During the European Robotics Week, at the Science Museum in London we’ll meet swimming, flapping or crawling robots mimicking real animals.
The EU-funded STIFF-FLOP project will be showing a robotic arm inspired by the softness and agility of an elephant’s trunk and by the octopus’ ability to find food by exploring small cavities in rocks.
This robotic arm could be used in keyhole surgery, as it is able to adjust its texture and stiffness to organs inside the human body; it can soften to get through narrow passages and then stiffen again when needed avoiding damage to soft tissue. It also has a gripper at the edge and is able to learn and develop how to manipulate soft objects in the human body, through interaction with a human instructor. This project could make keyhole surgery safer and minimise post-operative pain and scarring.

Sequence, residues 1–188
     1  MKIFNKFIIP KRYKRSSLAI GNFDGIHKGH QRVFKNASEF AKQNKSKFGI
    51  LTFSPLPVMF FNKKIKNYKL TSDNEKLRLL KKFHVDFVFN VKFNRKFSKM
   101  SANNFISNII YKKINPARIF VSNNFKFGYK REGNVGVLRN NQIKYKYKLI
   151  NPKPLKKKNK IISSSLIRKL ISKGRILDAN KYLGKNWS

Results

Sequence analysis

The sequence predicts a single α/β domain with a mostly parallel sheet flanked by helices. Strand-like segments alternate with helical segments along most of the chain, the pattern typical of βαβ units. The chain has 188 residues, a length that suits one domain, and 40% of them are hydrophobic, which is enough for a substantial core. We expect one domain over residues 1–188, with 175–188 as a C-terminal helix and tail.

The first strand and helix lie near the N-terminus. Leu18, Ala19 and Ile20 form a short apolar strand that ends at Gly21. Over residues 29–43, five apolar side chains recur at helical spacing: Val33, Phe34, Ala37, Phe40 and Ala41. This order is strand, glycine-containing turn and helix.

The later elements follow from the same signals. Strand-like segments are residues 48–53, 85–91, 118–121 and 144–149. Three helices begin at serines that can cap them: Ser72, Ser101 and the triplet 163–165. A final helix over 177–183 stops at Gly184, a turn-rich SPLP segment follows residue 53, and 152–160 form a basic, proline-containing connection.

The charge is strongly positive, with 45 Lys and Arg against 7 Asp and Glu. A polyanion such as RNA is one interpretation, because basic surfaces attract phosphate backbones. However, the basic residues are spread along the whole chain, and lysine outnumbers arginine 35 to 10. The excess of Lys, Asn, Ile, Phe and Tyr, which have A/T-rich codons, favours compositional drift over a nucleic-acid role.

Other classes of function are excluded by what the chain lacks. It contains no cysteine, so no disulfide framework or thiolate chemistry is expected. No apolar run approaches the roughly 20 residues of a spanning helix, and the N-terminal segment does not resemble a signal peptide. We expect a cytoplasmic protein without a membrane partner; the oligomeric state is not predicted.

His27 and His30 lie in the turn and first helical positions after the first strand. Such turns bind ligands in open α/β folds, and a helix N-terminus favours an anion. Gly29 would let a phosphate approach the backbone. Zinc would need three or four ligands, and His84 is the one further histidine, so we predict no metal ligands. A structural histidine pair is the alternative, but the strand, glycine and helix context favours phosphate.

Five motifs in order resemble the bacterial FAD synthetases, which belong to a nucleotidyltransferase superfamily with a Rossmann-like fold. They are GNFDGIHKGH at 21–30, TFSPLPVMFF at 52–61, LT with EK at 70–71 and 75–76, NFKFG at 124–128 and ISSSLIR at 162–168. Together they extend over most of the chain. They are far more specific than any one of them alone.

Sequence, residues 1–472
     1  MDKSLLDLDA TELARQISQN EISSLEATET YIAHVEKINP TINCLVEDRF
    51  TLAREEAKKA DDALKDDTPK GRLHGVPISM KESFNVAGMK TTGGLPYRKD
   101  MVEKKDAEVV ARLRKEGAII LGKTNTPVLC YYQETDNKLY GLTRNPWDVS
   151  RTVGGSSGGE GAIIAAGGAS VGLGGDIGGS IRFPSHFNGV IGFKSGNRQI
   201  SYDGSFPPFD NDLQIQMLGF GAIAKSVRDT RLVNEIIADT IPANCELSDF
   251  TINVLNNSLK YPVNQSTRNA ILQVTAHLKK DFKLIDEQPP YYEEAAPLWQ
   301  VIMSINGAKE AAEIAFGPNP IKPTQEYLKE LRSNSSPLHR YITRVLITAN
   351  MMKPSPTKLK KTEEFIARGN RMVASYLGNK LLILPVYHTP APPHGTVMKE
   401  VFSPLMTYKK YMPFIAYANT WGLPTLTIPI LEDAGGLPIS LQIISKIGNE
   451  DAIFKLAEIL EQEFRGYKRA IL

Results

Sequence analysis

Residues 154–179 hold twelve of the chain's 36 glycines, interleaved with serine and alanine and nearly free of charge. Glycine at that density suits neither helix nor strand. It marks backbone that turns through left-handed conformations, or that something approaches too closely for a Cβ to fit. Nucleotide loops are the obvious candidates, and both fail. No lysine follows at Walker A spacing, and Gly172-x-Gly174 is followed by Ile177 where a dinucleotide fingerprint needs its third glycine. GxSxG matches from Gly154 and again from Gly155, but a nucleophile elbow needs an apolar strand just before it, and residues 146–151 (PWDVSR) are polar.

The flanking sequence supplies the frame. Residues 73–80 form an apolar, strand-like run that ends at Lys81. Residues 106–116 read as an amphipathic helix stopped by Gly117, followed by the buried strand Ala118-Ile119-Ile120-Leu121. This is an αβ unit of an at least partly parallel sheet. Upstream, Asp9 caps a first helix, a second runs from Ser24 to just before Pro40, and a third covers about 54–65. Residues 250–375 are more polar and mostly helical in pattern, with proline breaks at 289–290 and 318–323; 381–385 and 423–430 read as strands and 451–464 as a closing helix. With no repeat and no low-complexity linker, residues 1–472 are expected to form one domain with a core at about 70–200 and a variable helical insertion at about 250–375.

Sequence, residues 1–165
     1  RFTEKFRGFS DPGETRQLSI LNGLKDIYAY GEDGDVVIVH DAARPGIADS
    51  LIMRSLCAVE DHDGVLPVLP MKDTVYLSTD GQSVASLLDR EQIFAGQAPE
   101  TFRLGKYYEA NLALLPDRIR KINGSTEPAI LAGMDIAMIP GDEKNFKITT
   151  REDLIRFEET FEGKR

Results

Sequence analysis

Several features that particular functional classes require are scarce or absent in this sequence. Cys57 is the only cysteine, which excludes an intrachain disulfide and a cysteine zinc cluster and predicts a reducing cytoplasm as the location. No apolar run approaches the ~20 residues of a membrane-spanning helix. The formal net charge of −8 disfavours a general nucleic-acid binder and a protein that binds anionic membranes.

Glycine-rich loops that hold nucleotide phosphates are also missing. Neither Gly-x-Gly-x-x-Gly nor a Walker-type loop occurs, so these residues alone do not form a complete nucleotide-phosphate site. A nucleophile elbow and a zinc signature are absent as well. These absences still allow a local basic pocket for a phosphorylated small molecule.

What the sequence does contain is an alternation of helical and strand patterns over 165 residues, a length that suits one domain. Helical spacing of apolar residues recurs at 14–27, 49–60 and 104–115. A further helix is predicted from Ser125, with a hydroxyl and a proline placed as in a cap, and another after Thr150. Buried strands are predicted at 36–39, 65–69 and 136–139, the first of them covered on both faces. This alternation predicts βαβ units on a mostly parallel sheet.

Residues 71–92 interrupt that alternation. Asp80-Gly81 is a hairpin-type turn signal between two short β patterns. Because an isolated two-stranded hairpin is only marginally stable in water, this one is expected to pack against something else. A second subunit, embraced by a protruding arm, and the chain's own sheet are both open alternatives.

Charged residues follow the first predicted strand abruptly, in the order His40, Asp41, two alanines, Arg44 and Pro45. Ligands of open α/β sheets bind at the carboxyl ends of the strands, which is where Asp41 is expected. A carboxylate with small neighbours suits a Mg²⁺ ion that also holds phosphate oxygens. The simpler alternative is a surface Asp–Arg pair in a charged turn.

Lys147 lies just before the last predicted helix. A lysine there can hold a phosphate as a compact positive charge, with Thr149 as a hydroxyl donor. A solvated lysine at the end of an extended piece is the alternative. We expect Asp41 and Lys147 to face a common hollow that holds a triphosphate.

The consortium led by King’s College London is made up of researchers from the United Kingdom, Spain, Italy, Poland, Germany, The Netherlands and Israel and supported by the European Commission 7.4m euros out of a total estimated cost of 9.6 m euros). Find out more here.
Friday 29 November 11.00-14.15 (last entry)
Saturday 30 November and Sunday 1 December 10-17.15 For free tickets call 0870 870 4868 or visit in person at any of the Museum’s ticket desks.
Wednesday 27 November at Lates, the Science Museum’s free night for adults, 18.45-21.15 Robot SafariEU at Lates is free entry, no tickets required.